AMAN for Social Unity (Anougal)
By Ikbale Bouziane,
Cultural Field Coordinator, Dakira Program
Anougal is a douar (village) located in a remote plateau in the heart of the High Atlas Mountains (precisely 16.3 kilometers from the center of Amizmiz) with 750 families whose income relies mainly on olive, walnut, cherry, almond, and apple trees. During a recent field visit, HAF-Dakira team members held a focus group discussion with local elders regarding a water conflict with Amizmiz, identified as their main problem that has persisted since 2005.
The population relies heavily on the main river that crosses the plateau (as opposed to the local streamflow source) because of its proximity to parcels of land. The unpredictability of rainfall that aliments the river has forced Anougal and the villages located downhill, Amizmiz and Mtaa, to alternate use of the source for agricultural needs.
Anougal participants also expressed several other concerns: worry over the potential of migration brought about by drought; an inability to dig wells; wild boars that roam the plateau and ruin the vegetation (but which removing or injuring would bring a jail sentence); and the women’s need for marketing strategies to sell a rug inventory taking up space in their homes.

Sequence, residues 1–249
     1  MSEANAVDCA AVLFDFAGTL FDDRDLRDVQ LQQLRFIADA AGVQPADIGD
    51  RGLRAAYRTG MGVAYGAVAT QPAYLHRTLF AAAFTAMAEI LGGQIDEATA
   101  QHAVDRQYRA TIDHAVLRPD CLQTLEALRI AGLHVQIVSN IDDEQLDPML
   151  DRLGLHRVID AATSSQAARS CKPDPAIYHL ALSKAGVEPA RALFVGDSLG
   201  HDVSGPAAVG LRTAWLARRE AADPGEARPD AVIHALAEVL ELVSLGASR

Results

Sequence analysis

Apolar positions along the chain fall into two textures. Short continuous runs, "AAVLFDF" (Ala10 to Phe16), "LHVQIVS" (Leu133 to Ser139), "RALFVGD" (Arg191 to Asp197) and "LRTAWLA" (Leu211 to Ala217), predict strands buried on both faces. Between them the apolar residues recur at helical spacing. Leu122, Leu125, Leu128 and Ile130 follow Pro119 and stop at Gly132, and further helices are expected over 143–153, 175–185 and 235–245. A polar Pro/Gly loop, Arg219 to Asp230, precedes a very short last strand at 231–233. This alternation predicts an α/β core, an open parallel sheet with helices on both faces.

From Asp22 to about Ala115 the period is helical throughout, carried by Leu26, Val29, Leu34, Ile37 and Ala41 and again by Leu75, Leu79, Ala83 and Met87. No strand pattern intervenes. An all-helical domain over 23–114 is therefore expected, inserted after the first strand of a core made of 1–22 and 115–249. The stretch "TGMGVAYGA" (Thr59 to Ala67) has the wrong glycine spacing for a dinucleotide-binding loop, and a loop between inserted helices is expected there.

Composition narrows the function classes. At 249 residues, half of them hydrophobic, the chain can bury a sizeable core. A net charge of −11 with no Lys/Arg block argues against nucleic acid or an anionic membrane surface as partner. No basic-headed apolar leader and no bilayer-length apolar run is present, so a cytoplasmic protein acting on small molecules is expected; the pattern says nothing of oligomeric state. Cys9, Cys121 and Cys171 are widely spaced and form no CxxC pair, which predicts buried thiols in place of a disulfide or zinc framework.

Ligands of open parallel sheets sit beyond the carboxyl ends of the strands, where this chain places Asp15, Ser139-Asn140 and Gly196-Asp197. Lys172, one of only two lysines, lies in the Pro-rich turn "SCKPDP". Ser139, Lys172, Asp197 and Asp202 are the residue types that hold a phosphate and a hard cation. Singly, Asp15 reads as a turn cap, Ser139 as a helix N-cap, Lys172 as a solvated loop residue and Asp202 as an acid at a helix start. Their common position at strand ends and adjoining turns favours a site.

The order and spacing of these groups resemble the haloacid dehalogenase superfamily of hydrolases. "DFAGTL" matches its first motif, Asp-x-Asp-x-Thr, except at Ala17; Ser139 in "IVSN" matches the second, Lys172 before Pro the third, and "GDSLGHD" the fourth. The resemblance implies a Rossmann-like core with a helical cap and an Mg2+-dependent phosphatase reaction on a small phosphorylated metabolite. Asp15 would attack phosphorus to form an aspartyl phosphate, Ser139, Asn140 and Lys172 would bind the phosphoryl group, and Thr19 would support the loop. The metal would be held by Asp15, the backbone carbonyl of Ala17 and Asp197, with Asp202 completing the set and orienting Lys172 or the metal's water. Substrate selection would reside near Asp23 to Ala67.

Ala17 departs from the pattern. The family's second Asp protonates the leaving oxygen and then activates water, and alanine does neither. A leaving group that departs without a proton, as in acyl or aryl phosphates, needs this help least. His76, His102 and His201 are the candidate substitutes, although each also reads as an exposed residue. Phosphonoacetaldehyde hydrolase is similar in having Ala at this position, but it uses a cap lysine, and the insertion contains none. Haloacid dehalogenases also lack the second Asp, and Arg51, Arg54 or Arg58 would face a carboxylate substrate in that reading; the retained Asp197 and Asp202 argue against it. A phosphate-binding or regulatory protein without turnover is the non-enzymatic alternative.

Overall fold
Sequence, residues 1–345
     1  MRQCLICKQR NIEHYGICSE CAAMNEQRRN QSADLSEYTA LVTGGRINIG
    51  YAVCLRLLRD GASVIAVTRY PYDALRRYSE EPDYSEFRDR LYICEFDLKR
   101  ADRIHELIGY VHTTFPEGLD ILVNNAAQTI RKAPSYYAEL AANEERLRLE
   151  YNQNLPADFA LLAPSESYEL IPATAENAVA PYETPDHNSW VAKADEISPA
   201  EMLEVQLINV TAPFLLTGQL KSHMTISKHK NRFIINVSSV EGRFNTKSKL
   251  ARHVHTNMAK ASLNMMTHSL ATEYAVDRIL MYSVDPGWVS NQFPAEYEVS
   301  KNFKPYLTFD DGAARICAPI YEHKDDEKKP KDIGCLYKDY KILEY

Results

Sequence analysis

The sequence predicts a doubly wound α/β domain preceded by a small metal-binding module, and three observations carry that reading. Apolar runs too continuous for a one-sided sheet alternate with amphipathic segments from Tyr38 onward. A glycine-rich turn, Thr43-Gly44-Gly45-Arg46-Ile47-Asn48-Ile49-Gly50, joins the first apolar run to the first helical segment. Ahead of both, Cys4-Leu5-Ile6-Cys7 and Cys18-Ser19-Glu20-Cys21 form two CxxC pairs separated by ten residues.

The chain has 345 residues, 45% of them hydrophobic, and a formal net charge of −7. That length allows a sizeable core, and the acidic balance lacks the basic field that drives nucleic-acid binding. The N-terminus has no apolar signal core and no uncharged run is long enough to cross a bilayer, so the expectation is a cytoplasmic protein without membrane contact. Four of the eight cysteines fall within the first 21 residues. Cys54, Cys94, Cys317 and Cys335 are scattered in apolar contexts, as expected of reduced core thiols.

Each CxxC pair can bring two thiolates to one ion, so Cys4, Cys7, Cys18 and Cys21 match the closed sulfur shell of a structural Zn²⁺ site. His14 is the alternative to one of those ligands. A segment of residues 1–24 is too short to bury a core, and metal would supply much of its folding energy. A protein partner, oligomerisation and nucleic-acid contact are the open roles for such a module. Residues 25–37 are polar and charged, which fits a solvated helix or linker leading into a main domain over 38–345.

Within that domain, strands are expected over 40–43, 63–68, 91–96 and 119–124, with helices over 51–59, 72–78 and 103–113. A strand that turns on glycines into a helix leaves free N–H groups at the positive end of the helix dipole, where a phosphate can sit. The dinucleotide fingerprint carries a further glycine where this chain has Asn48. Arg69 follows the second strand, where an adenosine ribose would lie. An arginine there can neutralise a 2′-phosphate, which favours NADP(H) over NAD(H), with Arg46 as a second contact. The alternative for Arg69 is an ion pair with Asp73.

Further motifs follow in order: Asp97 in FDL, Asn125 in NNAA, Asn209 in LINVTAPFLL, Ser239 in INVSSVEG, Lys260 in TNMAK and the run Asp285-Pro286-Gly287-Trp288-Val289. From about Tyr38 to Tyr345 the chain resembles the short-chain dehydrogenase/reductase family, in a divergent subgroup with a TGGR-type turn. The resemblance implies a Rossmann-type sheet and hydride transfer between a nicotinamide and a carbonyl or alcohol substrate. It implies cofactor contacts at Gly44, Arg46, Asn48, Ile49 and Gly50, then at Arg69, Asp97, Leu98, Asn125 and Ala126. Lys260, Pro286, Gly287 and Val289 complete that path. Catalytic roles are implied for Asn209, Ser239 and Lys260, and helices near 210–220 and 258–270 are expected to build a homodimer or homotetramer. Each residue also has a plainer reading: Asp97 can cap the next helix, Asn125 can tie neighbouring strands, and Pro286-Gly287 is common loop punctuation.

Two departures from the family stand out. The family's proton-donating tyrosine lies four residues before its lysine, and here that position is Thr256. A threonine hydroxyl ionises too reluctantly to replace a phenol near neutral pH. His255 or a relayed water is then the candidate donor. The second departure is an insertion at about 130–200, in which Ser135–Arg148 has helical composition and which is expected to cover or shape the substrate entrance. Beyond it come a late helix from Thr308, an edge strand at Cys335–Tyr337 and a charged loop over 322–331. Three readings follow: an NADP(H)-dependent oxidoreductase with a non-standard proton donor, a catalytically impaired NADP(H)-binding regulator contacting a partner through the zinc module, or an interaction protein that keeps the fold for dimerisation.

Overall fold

Through the USAID Dakira Program, implemented by the High Atlas Foundation (HAF), the communities can engage in an activity to help them find solutions to their problems. HAF has suggested creating dialogue between Anougal and Amizmiz community members to raise awareness of social solidarity as a factor of sustainability, to learn of historical approaches to resource use, and to develop their capacities on sustainable water management. Together, the communities and HAF can raise awareness about climate change issues for local youth by creating two school clubs as well as valorizing ancestral crafts by engaging and empowering women through capacity-building training delivered by HAF.
The participants expressed their willingness to reconcile with their neighboring community members and to share with the younger generation their history as well as teach them to celebrate and value the cultural and natural riches of Anougal.
This article was completed with the support of the United States Agency for International Development (USAID) Dakira Program, and the High Atlas Foundation is solely responsible for its content, which does not necessarily reflect the views of the USAID or the Government of the United States.